With WWII statement, Japan’s Abe tries to offer something to everyone – Washington Post

In his highly anticipated speech Friday marking the 70th anniversary of Japan’s World War II surrender, Prime Minister Shinzo Abe stopped short of delivering a full-throated apology for his country’s wartime actions — and ended up fully satisfying no one.

Abe acknowledged the “immeasurable damage and suffering” Japan had inflicted on the region and the postwar forbearance and generosity of its former foes, but he also insisted that future generations of Japanese must not be “predestined to apologize.”

The reaction, particularly among Japan’s neighbors, was deeply skeptical. Abe’s apology “was a diluted one at best, thus marking only a crippled start toward building trust among its neighbors,” a commentary published by China’s state-run Xinhua news agency said.

The speech — the seventh such address by a Japanese prime minister on the successive 10-year anniversaries of the surrender — drew a huge and varied audience, some hoping for a new, unequivocal apology that would help ease historic tensions, some for a sign that Japan was putting the pressure to apologize behind it. In his long statement, measuring 1,664 words in English, Abe sought to offer something to all of them.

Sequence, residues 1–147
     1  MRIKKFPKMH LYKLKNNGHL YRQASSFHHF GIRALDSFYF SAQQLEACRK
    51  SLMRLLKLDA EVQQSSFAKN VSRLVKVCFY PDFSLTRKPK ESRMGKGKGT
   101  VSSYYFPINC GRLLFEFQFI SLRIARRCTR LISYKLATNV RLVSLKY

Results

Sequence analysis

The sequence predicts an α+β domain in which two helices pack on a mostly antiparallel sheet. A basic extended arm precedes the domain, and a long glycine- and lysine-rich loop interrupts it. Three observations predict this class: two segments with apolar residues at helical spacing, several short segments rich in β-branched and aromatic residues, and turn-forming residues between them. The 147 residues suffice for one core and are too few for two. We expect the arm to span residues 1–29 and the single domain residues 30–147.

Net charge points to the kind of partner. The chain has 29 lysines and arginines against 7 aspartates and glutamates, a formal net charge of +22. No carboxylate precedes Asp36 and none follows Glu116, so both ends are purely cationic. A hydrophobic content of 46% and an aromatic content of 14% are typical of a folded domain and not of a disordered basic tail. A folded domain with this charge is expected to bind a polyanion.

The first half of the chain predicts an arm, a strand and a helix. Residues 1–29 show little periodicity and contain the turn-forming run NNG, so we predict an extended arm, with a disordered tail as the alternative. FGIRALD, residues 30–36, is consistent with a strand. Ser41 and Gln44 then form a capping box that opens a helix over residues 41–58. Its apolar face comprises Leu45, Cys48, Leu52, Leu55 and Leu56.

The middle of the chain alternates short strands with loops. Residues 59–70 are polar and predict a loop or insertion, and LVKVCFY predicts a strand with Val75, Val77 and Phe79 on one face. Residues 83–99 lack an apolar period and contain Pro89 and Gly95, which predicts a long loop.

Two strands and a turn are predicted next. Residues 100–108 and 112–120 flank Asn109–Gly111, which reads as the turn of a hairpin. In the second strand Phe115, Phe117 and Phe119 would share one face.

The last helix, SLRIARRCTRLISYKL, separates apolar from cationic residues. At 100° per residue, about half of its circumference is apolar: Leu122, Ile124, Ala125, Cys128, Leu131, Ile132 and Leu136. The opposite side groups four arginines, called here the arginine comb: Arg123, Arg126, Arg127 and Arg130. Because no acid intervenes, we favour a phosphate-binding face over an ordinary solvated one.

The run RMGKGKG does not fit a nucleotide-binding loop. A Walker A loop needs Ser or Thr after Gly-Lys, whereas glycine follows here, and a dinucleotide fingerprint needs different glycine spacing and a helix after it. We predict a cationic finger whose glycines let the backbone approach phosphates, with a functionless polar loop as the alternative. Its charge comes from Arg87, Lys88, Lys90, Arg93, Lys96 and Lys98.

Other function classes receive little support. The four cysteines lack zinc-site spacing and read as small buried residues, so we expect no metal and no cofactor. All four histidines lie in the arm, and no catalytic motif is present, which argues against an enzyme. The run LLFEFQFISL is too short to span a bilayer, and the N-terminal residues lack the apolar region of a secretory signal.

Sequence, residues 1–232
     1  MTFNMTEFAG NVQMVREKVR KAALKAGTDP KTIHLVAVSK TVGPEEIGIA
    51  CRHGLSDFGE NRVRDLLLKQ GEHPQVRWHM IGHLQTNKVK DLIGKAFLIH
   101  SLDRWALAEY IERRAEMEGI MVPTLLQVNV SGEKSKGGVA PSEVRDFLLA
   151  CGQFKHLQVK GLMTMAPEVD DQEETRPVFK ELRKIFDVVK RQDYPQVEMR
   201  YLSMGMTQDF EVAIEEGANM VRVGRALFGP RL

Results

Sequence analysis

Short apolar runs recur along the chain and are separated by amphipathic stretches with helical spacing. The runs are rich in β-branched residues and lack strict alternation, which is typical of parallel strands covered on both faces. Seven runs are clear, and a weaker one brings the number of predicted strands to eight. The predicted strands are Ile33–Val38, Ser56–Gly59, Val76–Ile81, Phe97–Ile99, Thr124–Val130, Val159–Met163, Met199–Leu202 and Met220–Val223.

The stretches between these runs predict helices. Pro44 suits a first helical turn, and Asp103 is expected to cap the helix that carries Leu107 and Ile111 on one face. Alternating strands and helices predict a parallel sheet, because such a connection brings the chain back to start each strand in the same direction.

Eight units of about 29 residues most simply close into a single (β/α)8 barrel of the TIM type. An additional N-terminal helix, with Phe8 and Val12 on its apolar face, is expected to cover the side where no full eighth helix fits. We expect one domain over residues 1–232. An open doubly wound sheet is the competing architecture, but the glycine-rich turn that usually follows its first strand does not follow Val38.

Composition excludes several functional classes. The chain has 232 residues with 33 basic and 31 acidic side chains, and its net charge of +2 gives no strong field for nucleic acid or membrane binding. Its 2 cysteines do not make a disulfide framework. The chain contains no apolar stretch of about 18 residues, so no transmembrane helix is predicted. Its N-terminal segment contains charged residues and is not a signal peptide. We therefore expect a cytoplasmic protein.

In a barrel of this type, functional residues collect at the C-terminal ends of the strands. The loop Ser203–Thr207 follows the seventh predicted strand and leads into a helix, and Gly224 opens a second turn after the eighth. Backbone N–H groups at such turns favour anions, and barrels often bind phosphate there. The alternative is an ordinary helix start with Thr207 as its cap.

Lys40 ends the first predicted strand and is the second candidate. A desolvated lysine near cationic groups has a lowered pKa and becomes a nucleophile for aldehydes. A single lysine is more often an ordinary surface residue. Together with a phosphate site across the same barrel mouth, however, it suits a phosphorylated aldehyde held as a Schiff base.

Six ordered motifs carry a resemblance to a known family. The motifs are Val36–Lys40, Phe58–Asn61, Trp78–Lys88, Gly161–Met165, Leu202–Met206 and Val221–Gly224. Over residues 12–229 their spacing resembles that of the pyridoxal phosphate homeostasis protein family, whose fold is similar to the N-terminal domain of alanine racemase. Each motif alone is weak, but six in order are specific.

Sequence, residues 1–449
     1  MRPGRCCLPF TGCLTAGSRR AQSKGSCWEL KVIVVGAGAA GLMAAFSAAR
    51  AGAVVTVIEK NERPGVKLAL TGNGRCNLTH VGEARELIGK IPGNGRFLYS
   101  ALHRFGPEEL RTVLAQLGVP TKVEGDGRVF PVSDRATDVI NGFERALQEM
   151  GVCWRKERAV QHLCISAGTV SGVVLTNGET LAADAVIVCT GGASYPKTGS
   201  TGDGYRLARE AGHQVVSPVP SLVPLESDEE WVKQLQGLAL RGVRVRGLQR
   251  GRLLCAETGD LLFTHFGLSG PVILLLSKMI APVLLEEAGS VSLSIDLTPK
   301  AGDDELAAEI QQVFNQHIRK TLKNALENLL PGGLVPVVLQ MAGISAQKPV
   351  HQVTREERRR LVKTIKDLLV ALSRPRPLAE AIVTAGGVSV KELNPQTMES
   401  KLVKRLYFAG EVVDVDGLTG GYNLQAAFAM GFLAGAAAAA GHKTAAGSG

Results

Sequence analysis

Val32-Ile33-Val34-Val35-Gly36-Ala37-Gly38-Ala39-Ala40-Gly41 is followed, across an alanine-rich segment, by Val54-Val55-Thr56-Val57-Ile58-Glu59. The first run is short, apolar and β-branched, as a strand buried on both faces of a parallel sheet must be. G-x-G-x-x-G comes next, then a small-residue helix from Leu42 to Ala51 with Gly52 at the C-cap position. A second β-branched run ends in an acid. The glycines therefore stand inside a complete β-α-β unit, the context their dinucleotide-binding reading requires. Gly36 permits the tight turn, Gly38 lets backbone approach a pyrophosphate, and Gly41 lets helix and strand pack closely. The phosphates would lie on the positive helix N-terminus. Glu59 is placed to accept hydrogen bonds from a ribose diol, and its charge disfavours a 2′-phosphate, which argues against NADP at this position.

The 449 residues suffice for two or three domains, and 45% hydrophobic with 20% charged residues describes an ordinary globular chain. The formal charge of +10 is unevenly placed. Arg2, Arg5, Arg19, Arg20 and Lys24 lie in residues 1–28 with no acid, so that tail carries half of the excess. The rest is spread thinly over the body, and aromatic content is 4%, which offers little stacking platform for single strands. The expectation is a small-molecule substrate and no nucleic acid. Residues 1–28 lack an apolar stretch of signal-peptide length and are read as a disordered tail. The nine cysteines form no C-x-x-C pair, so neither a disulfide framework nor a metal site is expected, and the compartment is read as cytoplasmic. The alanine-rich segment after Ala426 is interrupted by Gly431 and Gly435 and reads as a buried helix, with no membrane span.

To countries in the region, he provided assurances that Japan was mindful of the great harm it had done. “We have engraved in our hearts the histories of suffering of the people in Asia as our neighbors: those in Southeast Asian countries such as Indonesia and the Philippines, and Taiwan, the Republic of Korea and China, among others,” he said.

To the United States and other World War II allies, including Australia and European countries, he expressed gratitude for “the goodwill and assistance extended to us that transcended hatred.”

And, crucially, for his conservative supporters at home, Abe stressed Japan’s achievements since the war and avoided being drawn into what many here see as a humiliating and endless cycle of apologies.

“We must not let our children, grandchildren, and even further generations to come, who have nothing to do with that war, be predestined to apologize,” he said. While voicing remorse and repentance and saying that he upheld his predecessors’ apologetic statements regarding Japan’s “colonial rule and aggression,” Abe notably avoided offering one of his own.

The statement also comes at a critical juncture for Abe’s premiership. With Washington’s support, Abe has been seeking to reinterpret Japan’s U.S.-drafted pacifist constitution to allow Japanese troops to fight overseas, albeit only in special circumstances, for the first time in seven decades. The effort has generated intense domestic opposition.